In some circumstances, a blood transfusion may be necessary, but concerns about the risks involved have restricted their use. Blood transfusion has many known adverse effects including potential transmission of infectious diseases, allergic reactions, and decreased immune function. Additionally, treatment with erythropoiesis-stimulating agents (ESAs) and iron have been shown to increase the rate of red blood cell production and may also help hemoglobin levels return to normal in surgery patients.

Women's Health
I heard that heavy menstrual periods can cause anemia. Is there anything I can do to prevent the anemia?
Heavy menstrual bleeding, also known as menorrhagia, is one common cause of iron deficiency anemia for women. Heavy menstrual bleeding has been reported in approximately 10-15% of all women at some point during their life. Among these women, as many as 20% will go on to develop iron deficiency anemia. You can begin to replace the iron lost from blood loss by eating more iron-rich foods, but supplemental oral iron medications may be required. Discuss your concerns with your doctor or gynecologist. To learn more, read our feature article Women and Anemia – Heavy Menstrual Bleeding and Fibroids.
What is the relationship between uterine fibroid tumors and anemia in women?
Anemia in women can be caused by the increased menstrual blood loss associated with uterine fibroid tumors. Uterine fibroids are noncancerous growths in the uterus that often appear during childbearing years. They almost never lead to cancer, and are not linked to any increased risk of cancer. Along with a healthy diet, iron supplementation may be required to prevent iron deficiency anemia from developing. To learn more about fibroid tumors, read our feature article Women and Anemia – Heavy Menstrual Bleeding and Fibroids.
What causes anemia during pregnancy?
Pregnancy places major demands on the body because the mother must meet the needs of both her body and her growing baby. The mother’s body needs enough iron and folate to make the right amount of red blood cells. Most anemia during pregnancy results from this increased need for iron. It is estimated that women will need approximately 50% more iron during pregnancy, increasing from 18 to 27 milligrams (mg) per day. Even a well-balanced diet can only provide about 12-14 mg of iron per day, well short of the iron a pregnant woman requires.
In order to prevent iron deficiency anemia during pregnancy, it is often necessary for pregnant women to take iron supplements. The Centers for Disease Control and Prevention (CDC) recommends that all pregnant women should take a daily supplement of 30mg of elemental iron. The expectant mother should also stay in close contact with her doctor and gynecologist, and be sure to eat a diet that includes foods rich in iron and folate, like liver and dark green leafy vegetables. Read our feature articles to learn more about anemia caused during pregnancy, from vitamin deficiencies or from iron deficiency.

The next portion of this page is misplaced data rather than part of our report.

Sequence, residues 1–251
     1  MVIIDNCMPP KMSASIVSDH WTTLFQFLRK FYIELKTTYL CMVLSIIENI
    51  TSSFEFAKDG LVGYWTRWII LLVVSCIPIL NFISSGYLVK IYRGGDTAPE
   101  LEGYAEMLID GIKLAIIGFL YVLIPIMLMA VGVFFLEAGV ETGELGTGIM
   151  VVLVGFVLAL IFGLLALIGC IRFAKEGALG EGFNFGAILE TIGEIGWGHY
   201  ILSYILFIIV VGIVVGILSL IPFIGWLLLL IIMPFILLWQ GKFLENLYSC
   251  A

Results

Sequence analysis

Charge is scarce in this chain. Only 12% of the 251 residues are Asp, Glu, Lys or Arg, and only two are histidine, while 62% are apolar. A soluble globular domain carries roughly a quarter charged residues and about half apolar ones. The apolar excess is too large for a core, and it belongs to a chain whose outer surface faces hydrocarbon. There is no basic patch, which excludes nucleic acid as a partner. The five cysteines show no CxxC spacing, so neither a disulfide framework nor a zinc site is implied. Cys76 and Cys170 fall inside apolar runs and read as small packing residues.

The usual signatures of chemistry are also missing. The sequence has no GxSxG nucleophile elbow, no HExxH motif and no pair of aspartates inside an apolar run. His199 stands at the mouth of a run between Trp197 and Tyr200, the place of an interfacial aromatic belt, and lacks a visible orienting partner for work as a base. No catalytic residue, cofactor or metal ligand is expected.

Can childbirth cause anemia? What is postpartum anemia?
Approximately 10% of women will suffer from anemia within the first six months after delivering their baby and 4% of women will have anemia lasting up to twelve months. Anemia experienced by mothers during this time following childbirth is called postpartum anemia and is usually caused by iron deficiency. Mothers suffering from postpartum anemia most likely lost a large amount of blood during childbirth, had twins or other multiple births, or were anemic during the third trimester of pregnancy. In any case, losing large amounts of blood or having low iron levels leaves the mother at risk for developing anemia.
Following childbirth, the mother’s body needs to start making new red blood cells. To do so, she will need enough iron to make hemoglobin, the part of the red blood cell that carries oxygen throughout the body. If she has anemia and there is not enough stored iron, her body will be unable to raise hemoglobin levels and reverse the anemia. Low iron levels before and after childbirth may require treatment. Close communication with your doctor and gynecologist will help him or her provide the best care to prevent anemia prior to child birth and treat postpartum anemia. To learn more about postpartum anemia, read our feature article Women & Anemia – Childbirth and Postpartum Anemia.